burdens of complying with a variety of foreign laws;

 

   

political and economic instability; and

 

   

changes in diplomatic and trade relationships.

Some of these factors, such as the ability to obtain foreign government approvals and changes in diplomatic relationships, may be affected by Israel’s overall political situation. (See “Risks Related to Our Israeli Operations” below.) In addition, the economic and political stability of the countries of our major customers and suppliers may impact our business.

We have risks related to our pension plans, which could impact our liquidity. Funding obligations for certain of our pension plans are impacted by the performance of the financial markets and interest rates. When interest rates are low, or if the financial markets do not provide long-term returns as expected, there is an increased likelihood we may be required to make additional contributions to these pension plans. Because of the volatility in the equity markets, our estimate of future contribution requirements can change dramatically in relatively short periods of time. (See Item 18. Financial Statements – Notes 2(S) and 15.)

We face currency exchange risks. As more of our revenues are generated in currencies other than the U.S. dollar (which is the functional currency we use for financial reporting purposes), mainly in New Israeli Shekels (NIS), Great Britain Pounds (GBP) and Euros, we are subject to increasingly significant foreign currency risks. For example, we could be negatively affected by exchange rate changes during the period from the date we submit a price proposal until the date of contract award or until the date(s) of payment. Moreover, since a significant portion of our expenses is denominated in NIS, if we do not adequately hedge against exchange rate risks, our financial results could be adversely affected. Accordingly, our level of revenues and profits may be adversely affected by exchange rate fluctuations. (See below “Risks Related to Our Israeli Operations – Changes in the U.S. Dollar – NIS Exchange Rate” and Item 5. Operating and Financial Review and Prospects – Impact of Inflation and Exchange Rates.)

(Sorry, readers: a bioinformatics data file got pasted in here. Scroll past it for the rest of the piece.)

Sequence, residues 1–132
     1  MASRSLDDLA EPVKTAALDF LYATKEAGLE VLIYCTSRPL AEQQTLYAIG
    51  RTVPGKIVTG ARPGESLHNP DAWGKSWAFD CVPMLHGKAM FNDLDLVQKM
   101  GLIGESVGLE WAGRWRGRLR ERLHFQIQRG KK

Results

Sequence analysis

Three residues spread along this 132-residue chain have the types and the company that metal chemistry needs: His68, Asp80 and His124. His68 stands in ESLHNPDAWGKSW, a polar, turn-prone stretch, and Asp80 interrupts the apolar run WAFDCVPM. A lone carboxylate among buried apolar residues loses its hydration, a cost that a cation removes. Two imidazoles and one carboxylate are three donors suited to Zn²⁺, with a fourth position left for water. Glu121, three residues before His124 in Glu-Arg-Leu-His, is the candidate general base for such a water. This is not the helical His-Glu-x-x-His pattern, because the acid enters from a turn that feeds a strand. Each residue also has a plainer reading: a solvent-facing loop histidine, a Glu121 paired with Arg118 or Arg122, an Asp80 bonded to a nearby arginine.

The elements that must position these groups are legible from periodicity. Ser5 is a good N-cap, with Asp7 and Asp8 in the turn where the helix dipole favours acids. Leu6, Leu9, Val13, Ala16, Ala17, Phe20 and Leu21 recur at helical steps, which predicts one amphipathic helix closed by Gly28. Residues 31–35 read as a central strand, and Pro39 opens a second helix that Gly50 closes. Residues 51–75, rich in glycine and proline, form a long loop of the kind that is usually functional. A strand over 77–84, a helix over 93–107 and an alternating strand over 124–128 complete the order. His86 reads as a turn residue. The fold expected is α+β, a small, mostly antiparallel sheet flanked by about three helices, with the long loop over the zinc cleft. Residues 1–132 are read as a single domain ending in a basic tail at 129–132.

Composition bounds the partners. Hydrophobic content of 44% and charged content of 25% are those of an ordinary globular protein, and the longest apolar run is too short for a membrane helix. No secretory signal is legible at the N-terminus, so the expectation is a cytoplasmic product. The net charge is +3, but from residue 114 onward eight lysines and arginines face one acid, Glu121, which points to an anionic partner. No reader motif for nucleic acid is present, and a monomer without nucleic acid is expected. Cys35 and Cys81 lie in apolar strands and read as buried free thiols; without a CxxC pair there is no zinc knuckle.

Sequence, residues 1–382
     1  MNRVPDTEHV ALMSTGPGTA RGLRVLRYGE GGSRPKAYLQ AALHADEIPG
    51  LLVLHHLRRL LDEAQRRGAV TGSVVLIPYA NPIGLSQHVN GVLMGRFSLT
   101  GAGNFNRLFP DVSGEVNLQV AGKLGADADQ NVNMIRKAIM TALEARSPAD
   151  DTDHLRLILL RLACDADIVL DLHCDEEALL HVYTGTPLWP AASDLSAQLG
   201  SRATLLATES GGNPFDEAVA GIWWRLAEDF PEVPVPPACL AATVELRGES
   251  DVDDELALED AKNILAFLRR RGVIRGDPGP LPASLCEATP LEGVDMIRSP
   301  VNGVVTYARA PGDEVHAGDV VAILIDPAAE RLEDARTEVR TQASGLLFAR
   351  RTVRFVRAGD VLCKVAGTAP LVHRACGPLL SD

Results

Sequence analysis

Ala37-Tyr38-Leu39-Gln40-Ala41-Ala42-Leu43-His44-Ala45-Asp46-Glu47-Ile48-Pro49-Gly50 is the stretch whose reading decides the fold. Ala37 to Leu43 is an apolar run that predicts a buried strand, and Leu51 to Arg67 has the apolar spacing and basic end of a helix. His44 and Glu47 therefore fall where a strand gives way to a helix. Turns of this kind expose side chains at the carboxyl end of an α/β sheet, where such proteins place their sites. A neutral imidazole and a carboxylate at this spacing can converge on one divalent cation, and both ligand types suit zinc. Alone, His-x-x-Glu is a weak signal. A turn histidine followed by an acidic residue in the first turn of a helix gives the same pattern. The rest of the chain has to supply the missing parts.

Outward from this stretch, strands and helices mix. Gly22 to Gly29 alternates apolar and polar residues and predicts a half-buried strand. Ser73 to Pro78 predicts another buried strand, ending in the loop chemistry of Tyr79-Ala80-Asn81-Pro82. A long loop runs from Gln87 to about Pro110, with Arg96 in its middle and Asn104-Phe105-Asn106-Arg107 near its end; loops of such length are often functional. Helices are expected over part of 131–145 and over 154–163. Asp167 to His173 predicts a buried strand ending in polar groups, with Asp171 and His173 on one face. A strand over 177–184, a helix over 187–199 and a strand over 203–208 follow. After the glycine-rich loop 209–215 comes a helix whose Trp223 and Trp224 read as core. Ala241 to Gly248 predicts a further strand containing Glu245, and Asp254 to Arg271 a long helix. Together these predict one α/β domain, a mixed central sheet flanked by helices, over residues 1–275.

We operate in a competitive industry. The markets in which we participate are highly competitive and characterized by technological change. If we are unable to improve existing systems and products and develop new systems and technologies in order to meet evolving customer demands, our business could be adversely affected. In addition, our competitors could introduce new products with innovative capabilities, which could adversely affect our business. We compete with many large and mid-tier defense contractors on the basis of system performance, cost, overall value, delivery and reputation. Many of these competitors are much larger and have greater resources than us, and therefore may be better positioned to take advantage of economies of scale and develop new technologies. Some of these competitors are also our suppliers in some programs.

Our industry has experienced significant consolidation. As the number of companies in the defense industry has decreased in recent years, the market share of some prime contractors has increased. In addition, some of these companies are vertically integrated with in-house capabilities similar to ours in certain areas. Failure to maintain good business relations with these major contractors could negatively impact our future business.

A portion of our revenues depends on the commercial aviation industry. Our sales includes products and support services to the commercial and general aviation industry, which recently has been negatively affected by budgetary constraints due to the ongoing economic downturn, changes in fuel costs and the war on terrorism. In addition, the aviation industry is extensively regulated by government agencies, which have and will continue to implement new air travel regulations that may have a negative impact on aviation industry revenues. Due to such financial difficulties in the aviation industry, we may not be able to continue to increase or even sustain sales levels of our avionic and aero structure products. Although commercial aviation products and services constitute

 

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a relatively small percentage of our sales, if we are unable to increase or sustain levels of sales in these areas, and we are not successful in reducing costs, our results of operations, financial position and cash flow could be adversely affected.

We face risks of changes in costs under fixed-price contracts. Most of our contracts are fixed-price contracts, as opposed to cost-plus or cost-share type contracts. Generally, a fixed-price contract price is not adjusted as long as the work performed falls within the original contract scope. Therefore, under these contracts, we generally assume the risk that increased or unexpected costs may reduce profits or generate a loss. The risk can be particularly significant under a fixed-price contract involving research and development for new technology, where estimated gross profit or loss from long-term projects may change and such changes in estimated gross profit/loss are recorded on a cumulative catch-up basis. (See Item 5. Operating and Financial Review and Prospects – General – Critical Accounting Policies and Estimates – Revenue Recognition.) To the extent we underestimate the costs to be incurred in any fixed-price contract, we could experience a loss on the contract, which would have a negative effect on our results of operations, financial position and cash flow.